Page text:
Compuware's Topaz enables IT professionals to discover, visualize and work with both mainframe and non-mainframe data in an intuitive manner. The company, which historically has focused on mainframe software, created Topaz to address the challenges of a shrinking mainframe workforce.
As experienced mainframe workers retire, the responsibility of leveraging high-value mainframe data falls to a new generation of developers and data architects who are unfamiliar with the platform. Topaz addresses this need for enterprises that run their businesses on the IBM System z mainframe.
Indeed, Compuware's Topaz solves this problem by accessing both mainframe and non-mainframe data from its underlying platform dependencies. This abstraction enables developers to quickly and easily perform tasks such as gathering test data from multiple sources. It also simplifies the incorporation of mainframe data into use cases for big data analytics.
"The impending retirement of skilled mainframe developers poses a threat to global enterprises that CIOs haven't seen since the Y2K deadline—and that is even more problematic, given the increased importance of mainframe data in today's digital economy," said Compuware CEO Chris O'Malley in a statement. "With Topaz, Compuware is providing customers with an effective, immediate response to this threat so they can protect their tremendous investments in the mainframe and, just as importantly, capitalize on the tremendous business opportunities that depend on new mainframe data use-cases."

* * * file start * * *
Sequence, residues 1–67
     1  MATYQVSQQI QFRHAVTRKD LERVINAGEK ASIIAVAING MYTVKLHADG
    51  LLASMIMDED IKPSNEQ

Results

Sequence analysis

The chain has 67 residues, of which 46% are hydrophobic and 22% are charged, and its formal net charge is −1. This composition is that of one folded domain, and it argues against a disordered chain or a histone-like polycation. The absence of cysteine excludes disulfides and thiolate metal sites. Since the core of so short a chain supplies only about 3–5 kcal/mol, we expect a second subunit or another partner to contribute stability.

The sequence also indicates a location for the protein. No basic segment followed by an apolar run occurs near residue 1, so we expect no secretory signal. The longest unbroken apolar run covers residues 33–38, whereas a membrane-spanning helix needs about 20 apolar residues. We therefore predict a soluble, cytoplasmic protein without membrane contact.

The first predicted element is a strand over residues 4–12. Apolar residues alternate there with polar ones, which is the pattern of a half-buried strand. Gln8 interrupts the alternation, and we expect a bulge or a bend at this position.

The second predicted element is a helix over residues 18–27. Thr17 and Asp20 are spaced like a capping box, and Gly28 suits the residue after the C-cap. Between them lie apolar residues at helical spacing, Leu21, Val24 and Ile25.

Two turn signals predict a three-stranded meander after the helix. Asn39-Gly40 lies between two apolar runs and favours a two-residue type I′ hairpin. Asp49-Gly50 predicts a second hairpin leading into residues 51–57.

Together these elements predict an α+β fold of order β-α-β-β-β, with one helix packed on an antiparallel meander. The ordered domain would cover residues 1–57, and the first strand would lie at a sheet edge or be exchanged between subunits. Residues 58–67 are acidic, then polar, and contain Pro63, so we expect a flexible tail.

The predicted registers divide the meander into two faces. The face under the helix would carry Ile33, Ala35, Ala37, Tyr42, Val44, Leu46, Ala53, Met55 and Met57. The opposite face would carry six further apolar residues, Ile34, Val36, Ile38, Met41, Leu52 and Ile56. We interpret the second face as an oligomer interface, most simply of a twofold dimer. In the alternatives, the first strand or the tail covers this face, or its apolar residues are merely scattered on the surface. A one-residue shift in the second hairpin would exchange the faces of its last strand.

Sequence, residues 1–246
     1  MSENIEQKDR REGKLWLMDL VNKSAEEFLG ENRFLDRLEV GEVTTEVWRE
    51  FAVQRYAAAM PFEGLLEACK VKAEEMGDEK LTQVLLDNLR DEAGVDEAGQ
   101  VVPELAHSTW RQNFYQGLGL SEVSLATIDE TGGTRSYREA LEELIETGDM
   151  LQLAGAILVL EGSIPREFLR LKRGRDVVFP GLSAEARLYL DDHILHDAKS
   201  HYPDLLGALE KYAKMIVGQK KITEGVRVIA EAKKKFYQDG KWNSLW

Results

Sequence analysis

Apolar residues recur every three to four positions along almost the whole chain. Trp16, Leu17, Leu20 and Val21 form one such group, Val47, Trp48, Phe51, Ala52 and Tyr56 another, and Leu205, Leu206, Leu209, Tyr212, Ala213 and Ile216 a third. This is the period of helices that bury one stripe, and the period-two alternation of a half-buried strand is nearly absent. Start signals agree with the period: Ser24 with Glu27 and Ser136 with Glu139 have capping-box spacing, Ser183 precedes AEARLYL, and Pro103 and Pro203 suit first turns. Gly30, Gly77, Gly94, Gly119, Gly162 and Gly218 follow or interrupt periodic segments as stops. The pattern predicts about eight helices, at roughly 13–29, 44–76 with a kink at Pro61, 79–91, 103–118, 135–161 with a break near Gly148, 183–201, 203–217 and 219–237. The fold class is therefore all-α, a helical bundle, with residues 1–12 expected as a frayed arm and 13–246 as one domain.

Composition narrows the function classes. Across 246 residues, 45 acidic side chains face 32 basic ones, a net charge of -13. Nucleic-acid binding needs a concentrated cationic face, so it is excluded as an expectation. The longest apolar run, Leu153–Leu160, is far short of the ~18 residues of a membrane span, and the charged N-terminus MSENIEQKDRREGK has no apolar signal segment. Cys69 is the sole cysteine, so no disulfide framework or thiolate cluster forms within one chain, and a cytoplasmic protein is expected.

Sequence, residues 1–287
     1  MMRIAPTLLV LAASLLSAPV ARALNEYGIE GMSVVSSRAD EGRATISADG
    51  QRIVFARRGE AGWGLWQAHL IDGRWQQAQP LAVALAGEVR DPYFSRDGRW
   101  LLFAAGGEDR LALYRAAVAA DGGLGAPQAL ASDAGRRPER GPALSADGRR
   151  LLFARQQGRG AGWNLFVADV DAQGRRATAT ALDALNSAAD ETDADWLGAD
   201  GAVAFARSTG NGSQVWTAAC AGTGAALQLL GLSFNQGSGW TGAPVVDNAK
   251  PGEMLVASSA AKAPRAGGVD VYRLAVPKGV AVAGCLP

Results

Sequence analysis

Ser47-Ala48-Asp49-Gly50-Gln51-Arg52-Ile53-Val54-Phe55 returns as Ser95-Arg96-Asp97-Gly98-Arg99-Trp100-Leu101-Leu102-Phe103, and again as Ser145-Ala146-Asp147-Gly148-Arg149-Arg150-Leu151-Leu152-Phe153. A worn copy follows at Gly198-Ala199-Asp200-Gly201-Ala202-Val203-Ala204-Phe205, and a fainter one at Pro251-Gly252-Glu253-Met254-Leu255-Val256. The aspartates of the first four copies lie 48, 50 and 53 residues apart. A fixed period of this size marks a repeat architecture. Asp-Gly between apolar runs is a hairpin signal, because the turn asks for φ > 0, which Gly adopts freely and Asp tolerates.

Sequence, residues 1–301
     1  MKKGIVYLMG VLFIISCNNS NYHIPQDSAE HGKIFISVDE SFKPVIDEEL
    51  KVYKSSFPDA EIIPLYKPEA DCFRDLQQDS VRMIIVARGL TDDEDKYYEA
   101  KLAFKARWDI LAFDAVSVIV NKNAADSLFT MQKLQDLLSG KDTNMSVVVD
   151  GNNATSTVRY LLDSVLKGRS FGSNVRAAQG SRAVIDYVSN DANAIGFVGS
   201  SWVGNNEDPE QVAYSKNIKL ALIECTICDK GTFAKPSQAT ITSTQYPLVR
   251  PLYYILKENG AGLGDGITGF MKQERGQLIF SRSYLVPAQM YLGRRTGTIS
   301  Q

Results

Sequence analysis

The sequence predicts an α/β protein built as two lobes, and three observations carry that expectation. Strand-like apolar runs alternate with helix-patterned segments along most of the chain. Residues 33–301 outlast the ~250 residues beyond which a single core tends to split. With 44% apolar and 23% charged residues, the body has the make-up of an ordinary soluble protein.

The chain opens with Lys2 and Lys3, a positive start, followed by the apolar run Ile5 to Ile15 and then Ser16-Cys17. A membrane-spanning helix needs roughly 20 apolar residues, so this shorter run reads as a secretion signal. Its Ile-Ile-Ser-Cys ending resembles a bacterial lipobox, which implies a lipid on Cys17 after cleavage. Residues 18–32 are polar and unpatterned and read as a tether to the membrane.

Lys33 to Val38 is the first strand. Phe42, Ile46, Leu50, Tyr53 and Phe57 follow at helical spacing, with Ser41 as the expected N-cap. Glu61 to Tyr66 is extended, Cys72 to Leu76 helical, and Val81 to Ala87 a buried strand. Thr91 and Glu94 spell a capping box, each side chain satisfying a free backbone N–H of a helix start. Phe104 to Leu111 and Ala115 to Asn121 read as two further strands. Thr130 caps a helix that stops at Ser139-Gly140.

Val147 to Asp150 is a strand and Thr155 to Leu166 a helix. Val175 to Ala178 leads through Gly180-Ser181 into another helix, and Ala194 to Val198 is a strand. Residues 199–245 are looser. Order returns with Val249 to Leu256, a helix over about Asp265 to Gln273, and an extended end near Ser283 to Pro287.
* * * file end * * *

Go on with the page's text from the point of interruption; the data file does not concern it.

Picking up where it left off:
Topaz enables developers to visualize data relationships across platforms and to visually manage large caches of data objects using the product's graphical representation technology Also, with Topaz, developers no longer have to use source-specific tools to browse and edit data. Instead, they can use a single data editor to manage Oracle, SQL Server, IMS, DB2 and other data across the enterprise.
In addition, Topaz's Windows-like host-to-host copy functionality enables users to easily drag and drop mainframe files and data from one host to another. This helps eliminate the need for mainframe-specific expertise. It is also much faster and easier than traditional transfer methods.
"Enterprises can gain tremendous business value from mainframe-resident data, but making use of this key asset is often limited by the need to understand the mysteries of applications developed in CICS and COBOL," said Tim Grieser, program vice president for Enterprise System Management Software at IDC, in a statement. "Compuware is taking aim at this limitation by more broadly empowering IT professionals to understand and leverage data residing on IBM System z using graphical visualization tools."
In a blog post on Topaz, Compuware's O'Malley said first release of Topaz specifically provides Millennial developers and data architects with a simple way to tap high-value mainframe data for enterprise apps and analytics.
O'Malley said there are three reasons for developers to be excited about Topaz: Topaz addresses the critical issue of mainframe IP protection and extension; Topaz de-silos the management of mainframe IP; and Topaz was and will continue to be developed with an Agile methodology.
Indeed, Compuware also announced that it has committed to an Agile development model whereby it will deliver new capabilities quarterly.
"That is an enormously exciting prospect given how quickly IT has to respond to changing business requirements in today's extremely dynamic markets—and given how unacceptably unresponsive mainframe ISVs have historically been to such rapidly changing customer needs," O'Malley said.